Find Out How To Never Give Up

Feeling Like Giving Up? Read This Before You Do

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Originally Published on May 22, 2021By Christopher Fern


What do anger, shame, remorse, guilt, frustration, overwhelm, indecisiveness, scarcity, and fear all have in common? When an emotional response occurs, the amygdala – the part of the brain most often referred to as “snake brain” takes hold, causing you to “process” the emotions. What’s actually happening then is that we’re living a memory from the past in the now – a form of time travel: the mind knows no different.

It’s up to you how you want to leave it though. The way you feel is determined by how you linked those two things. The way you feel when you’re triggered again is about how you link them now. When you’re inspired, it’s the same except you’re applying excitement or fear to the life you could have, not the life you do.

Step 1 – Realize You’re Drunk and You Don’t Even Know It

In a recent study conducted by Harvard Scientists, “Bandwidth Tax” was discovered, and fundamentally means you’re walking around drunk. It also happens way sooner than you think. 

“[The] effects [of the two groups’ questions] correspond to between 13 and 14 IQ points. A gain of that many points can lift you from the category of “average” to “superior” intelligence. Or, if you move in the other direction, losing 13 points can take you from “average” to a category labeled “borderline-deficient.” In our studies, the same person has fewer IQ points when he or she is preoccupied with scarcity than when not. This cognitive penalty is the key to our story.” 

And when this happens, it’s a perpetual cycle. This is the origin of stress, burnout, or overwhelm lives here, and is perpetuated by it.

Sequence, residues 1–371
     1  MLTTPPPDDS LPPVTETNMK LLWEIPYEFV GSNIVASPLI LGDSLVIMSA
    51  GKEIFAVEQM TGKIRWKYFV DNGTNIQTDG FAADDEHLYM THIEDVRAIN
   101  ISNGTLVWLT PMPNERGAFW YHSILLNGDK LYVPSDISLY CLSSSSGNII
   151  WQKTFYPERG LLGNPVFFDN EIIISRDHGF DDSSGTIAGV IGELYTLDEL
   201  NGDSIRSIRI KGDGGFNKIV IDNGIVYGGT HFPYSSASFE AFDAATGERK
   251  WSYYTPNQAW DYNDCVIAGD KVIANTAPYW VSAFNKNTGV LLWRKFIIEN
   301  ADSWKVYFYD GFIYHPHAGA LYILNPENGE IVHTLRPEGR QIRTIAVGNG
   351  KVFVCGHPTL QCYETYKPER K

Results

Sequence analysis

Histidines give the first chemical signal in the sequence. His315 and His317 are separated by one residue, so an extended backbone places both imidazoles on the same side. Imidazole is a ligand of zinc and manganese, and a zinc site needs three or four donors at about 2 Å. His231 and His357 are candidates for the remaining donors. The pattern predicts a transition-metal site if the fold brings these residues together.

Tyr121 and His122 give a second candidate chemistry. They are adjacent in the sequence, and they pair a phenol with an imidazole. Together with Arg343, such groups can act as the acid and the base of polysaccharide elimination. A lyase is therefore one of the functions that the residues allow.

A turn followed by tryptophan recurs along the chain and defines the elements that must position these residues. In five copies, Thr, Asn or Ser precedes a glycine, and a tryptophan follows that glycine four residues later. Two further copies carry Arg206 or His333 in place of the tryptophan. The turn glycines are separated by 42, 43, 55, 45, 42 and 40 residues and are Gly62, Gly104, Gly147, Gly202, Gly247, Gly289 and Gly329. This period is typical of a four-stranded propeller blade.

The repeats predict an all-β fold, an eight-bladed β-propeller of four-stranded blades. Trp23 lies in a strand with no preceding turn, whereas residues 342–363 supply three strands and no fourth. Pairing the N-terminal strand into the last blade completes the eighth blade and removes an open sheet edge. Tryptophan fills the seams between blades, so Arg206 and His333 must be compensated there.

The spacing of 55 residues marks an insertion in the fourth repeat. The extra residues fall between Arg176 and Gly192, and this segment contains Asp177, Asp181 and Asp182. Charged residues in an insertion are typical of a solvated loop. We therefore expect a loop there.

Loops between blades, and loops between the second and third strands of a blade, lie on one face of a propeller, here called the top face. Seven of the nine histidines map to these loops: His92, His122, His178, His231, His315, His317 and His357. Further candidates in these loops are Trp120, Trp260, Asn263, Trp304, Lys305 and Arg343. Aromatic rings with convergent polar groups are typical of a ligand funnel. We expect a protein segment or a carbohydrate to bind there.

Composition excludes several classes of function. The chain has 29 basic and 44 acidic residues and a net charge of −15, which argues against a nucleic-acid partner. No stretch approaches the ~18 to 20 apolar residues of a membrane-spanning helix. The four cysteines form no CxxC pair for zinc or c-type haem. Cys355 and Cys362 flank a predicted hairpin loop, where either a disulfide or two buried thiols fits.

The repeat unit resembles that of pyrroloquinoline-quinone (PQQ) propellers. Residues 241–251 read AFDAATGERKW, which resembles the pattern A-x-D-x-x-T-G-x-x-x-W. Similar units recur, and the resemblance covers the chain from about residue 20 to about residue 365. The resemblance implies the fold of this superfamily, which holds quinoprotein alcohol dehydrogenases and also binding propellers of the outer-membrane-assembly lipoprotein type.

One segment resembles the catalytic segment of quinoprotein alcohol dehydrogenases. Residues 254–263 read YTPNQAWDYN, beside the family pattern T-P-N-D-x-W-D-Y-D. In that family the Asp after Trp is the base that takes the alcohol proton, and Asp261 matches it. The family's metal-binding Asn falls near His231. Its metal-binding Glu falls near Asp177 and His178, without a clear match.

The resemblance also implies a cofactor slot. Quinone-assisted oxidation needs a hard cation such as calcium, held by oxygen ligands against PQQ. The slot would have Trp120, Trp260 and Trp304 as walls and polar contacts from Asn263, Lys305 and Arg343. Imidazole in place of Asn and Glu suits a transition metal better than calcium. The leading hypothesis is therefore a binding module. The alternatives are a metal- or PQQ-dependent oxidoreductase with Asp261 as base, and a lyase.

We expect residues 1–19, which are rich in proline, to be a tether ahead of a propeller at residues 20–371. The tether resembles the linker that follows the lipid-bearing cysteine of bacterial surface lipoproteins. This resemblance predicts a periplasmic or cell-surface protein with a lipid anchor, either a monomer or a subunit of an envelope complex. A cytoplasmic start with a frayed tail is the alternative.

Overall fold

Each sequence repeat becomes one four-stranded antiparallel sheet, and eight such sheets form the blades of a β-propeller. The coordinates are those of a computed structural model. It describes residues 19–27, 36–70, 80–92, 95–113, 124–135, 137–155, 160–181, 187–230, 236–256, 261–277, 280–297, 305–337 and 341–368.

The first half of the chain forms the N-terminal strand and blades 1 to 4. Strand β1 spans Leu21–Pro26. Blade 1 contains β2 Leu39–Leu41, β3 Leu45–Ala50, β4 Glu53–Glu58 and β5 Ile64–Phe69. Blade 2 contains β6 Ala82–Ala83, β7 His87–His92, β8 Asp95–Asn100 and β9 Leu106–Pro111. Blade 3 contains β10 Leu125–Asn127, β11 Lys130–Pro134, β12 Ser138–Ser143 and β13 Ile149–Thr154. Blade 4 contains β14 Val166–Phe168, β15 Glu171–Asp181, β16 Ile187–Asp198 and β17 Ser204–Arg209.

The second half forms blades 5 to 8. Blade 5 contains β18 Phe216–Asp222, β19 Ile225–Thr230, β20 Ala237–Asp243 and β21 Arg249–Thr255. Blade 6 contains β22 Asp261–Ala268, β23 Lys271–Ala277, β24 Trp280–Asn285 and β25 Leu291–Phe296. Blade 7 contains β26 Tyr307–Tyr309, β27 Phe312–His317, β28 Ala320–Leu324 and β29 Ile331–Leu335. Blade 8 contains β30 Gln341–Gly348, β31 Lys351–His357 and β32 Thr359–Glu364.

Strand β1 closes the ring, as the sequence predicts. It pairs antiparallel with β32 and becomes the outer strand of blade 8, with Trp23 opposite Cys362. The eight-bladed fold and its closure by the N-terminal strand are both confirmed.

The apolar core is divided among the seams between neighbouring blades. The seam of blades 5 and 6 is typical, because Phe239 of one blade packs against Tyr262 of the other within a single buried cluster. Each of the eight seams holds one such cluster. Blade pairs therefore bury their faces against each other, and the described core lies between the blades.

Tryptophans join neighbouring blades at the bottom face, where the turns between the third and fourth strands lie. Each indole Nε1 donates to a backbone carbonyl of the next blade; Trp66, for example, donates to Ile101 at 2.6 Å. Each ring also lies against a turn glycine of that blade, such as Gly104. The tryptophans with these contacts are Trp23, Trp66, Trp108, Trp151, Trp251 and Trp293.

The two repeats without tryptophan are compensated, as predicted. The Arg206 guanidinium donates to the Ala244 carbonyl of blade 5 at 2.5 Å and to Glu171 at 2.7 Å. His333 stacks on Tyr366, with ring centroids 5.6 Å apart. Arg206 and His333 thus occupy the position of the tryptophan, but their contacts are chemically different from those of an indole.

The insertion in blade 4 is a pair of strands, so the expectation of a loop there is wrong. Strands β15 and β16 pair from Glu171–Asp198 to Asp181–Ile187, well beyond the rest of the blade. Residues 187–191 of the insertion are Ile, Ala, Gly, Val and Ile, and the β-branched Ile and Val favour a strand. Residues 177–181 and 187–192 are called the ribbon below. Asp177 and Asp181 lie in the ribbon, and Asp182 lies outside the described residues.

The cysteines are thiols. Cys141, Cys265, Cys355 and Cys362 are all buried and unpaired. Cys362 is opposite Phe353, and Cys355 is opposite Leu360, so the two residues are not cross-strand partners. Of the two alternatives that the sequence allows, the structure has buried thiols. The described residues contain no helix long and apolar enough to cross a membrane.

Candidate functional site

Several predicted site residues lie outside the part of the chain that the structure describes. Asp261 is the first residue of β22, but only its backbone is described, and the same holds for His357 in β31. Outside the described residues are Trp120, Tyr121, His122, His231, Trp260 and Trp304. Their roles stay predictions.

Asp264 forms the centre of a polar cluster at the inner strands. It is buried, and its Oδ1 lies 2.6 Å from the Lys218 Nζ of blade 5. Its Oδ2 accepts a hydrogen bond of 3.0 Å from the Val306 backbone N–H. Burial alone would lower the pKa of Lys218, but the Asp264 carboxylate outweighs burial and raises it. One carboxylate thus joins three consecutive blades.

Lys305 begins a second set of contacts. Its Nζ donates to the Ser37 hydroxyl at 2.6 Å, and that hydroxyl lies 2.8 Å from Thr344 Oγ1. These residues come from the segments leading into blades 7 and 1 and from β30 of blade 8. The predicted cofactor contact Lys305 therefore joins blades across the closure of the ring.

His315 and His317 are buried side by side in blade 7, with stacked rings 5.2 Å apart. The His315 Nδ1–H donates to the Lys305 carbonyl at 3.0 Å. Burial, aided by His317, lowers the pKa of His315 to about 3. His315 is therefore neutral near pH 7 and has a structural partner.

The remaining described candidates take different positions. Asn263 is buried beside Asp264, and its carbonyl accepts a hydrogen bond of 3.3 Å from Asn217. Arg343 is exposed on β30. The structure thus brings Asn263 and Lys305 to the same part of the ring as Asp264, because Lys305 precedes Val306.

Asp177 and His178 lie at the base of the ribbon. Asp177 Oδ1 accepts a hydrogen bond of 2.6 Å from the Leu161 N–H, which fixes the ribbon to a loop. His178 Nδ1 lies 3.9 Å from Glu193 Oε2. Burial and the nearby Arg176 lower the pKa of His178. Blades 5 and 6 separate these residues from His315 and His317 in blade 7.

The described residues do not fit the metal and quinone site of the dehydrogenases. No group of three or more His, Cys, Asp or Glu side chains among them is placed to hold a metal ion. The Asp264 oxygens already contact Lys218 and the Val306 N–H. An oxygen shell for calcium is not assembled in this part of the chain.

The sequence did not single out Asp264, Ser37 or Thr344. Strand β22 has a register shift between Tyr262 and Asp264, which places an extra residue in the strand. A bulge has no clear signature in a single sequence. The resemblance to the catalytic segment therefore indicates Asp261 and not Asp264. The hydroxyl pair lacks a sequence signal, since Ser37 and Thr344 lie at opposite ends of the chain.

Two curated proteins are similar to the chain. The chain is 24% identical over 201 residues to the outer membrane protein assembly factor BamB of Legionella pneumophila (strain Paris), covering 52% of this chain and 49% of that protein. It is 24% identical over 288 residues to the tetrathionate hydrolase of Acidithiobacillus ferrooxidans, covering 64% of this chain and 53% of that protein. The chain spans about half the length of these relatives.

Step 2 – Notice Repetitive Decisions

In order to reduce bandwidth tax, you must reduce the number of things you’re paying attention to and the frequency at which you’re paying attention to them. To do so requires identifying repetitive patterns and minimizing them.

When I was a boy, my mother calculated her budget the same way every month – she pulled out her pen and paper, started with her fixed income, subtracted expenses, and hoped for the best. Same numbers, same math, different expectations. And to top it off, we always ran out of money! 

I couldn’t help but wonder, why was she acting as if anything else mattered other than what was left after bills? Her income didn’t change. The expenses didn’t change. But she kept running the same numbers, arriving at the same conclusion of having a certain amount left over, and doing it every month.

Don’t be like my late mother. Be on time. Take a look in these areas for repeating decisions:

  • Is there a consistent outcome – like cash flow with my mother? Focus on the abbreviated form you can trust.
  • Do you find that you spend impulsively under certain conditions? You can predict the conditions and the impulse. 
  • Are you using lists? Despite popular opinion, lists create bandwidth tax. Best to find a way to minimize what you see at once. 
“Our greatest weakness lies in giving up. The most certain way to succeed is always to try just one more time.” – Thomas Edison

Step 3 – Create a Metric

You need a metric to measure your effectiveness. Metrics give you measurable and attainable ways to recognize improvements.

Some examples are:

  • In the case of my dearly departed mother:  “cash leftover” or “time it takes to budget” could be the result of the consolidation we just discussed. 
  • With Bandwidth Tax the metric is IQ.
  • Time is always a good metric because it’s the only thing we’re limited by. It can also apply to almost anything that causes inconvenience.